Then there are the moving parts, with different track systems for different terrains, and several push-button actions. The “Carsystem” runs on a complicated software and a magnetic drive that allows the vehicles to follow routes, stop on red lights (flashing tail lights along the way) and avoid traffic jams. The aircrafts are hooked up to a catapult system that allows them to glide through the air (with fire trucks on standby in case of emergency landings!), and ships are mounted to a high-tech system involving high-speed infrared cameras and invisible LED lights for tracking systems! That last part is still a work in progress, tackling (and almost completely solving) a problem of ship traffic that many miniature experts say were impossible.
Miniatur Wunderland capitalizes on the wonder it brings to its visitors, and offers several special exhibits for those who want to go behind the scenes (or view Wunderland in a different light). There is an exclusive small-group night tour, which lets you take a peek at what goes on behind the magic. A unique “Culinary Trip” through the miniature world also happens a few times each year, with specialties coming from each of the towns represented in the models served to the visitors. Wunderland also promotes Hamburg tourism with a bundle trip to the harbor. For accessibility, the Wunderland also offers a Wheelchair Monday tour, on Monday evenings, for the differently abled to tour everything without the jostling.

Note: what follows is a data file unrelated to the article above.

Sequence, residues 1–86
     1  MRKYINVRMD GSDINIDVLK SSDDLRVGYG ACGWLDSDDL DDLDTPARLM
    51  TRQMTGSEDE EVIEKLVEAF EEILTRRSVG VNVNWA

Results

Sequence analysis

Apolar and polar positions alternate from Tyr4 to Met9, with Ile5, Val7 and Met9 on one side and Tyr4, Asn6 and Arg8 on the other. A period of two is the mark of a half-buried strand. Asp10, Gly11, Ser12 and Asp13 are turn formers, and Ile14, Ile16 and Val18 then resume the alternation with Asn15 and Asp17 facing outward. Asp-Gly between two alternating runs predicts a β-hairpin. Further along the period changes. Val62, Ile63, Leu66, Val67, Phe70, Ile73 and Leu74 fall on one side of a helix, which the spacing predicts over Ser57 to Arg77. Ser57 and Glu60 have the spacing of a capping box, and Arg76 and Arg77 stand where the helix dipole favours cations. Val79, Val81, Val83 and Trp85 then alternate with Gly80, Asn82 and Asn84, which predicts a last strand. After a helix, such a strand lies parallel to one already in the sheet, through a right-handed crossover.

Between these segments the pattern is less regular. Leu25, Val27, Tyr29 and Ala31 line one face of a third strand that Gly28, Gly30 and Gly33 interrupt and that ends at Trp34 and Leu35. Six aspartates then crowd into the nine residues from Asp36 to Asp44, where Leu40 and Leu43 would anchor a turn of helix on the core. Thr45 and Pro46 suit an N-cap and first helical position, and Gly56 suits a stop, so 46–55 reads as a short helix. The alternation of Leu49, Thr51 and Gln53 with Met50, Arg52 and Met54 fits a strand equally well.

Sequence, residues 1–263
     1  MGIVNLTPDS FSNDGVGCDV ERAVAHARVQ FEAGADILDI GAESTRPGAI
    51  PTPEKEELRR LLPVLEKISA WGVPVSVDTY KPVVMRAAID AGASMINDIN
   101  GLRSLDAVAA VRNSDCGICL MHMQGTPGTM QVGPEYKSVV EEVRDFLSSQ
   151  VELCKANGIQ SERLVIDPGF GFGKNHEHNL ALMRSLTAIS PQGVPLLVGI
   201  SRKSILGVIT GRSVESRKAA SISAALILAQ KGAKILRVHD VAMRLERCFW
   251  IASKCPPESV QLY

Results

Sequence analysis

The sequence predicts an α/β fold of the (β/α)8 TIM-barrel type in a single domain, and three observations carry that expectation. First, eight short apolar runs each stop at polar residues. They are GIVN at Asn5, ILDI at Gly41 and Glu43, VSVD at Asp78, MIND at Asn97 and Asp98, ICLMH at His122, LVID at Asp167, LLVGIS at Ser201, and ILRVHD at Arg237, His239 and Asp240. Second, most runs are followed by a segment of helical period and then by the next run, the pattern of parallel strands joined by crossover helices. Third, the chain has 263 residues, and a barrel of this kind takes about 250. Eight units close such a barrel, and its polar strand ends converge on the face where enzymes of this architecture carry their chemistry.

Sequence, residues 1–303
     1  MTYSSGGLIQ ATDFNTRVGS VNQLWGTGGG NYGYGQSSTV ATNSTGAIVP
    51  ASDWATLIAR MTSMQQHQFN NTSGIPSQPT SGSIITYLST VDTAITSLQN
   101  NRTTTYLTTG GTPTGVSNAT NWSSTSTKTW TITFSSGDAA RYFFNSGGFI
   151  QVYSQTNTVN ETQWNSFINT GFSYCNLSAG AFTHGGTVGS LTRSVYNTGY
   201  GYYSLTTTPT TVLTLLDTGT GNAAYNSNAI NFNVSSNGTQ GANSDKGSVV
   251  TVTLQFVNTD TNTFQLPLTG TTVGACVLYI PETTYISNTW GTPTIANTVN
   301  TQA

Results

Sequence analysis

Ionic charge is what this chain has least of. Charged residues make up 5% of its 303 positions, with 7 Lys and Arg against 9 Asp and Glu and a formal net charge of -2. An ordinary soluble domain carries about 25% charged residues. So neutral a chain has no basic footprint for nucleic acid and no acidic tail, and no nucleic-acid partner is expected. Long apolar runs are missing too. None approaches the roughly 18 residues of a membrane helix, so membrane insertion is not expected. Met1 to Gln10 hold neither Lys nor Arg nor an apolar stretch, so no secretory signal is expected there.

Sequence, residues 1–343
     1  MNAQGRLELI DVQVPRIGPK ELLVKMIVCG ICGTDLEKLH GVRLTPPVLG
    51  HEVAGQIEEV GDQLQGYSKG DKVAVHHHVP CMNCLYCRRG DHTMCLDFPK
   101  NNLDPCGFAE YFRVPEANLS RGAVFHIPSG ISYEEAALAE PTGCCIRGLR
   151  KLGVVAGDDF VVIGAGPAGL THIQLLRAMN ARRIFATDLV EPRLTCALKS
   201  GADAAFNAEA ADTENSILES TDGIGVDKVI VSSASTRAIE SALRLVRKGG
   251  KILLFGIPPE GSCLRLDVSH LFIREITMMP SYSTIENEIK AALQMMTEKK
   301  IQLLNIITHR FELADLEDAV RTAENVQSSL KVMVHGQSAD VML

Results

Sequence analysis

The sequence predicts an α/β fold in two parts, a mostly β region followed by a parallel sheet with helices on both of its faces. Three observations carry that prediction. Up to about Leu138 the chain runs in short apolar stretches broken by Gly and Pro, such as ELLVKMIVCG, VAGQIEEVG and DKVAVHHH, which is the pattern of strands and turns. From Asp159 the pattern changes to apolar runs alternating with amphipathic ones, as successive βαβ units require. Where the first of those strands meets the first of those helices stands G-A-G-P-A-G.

There are also guided backstage tours, which are offered for small groups of up to six people at a time. You may call ahead for an English tour, as most tours are in German.
The Wunderlund is open all year round, from 9:30AM to 6PM. The exhibit is open for longer on weekends and holidays. You can buy tickets (both regular and for special exhibits) online. It’s best to reserve tickets this way to avoid the long wait times. The price is at EUR 15 for adults, and EUR 7.50 for children. Seniors have a discounted price of EUR 13. They also have an annual pass of EUR 80 for adults and EUR 40 for children.
Getting to Miniatur Wunderland
You can get to the Miniatur Wunderland by getting off at the historic Speicherstadt district in Hamburg. You can take Bus Line 6, which stops right in front of the building. If you’re taking the subway, the nearest is Baumwall station. For those taking the tram, it’s Stadthausbrücke station.
There are several services within the Wunderland, from photo and video services to a children’s play room and lactating room for mothers. There’s a mini playground and children’s cinema, and free soft drinks for children in line! For the adults, the waiting area is also a pleasure with cushioned seats and snacks/drinks available at affordable prices. Here’s a tip — Wunderland’s Giant Currywurst is famous around the area! The bistro also offers several specialties, such as fresh-cooked pasta, and home-style meals of different cuisines. The bistro is open at the same time as the exhibit, and lunch begins at 11AM. Bringing outside food is also permitted!
If you’re the kid who used to stare at a 100-piece jigsaw puzzle with dread, then the whole of Miniatur Wunderland will blow your mind to no end! Wait, let me rephrase that — if you were a kid, at any point in your life, then Wunderland will blow your mind to no end!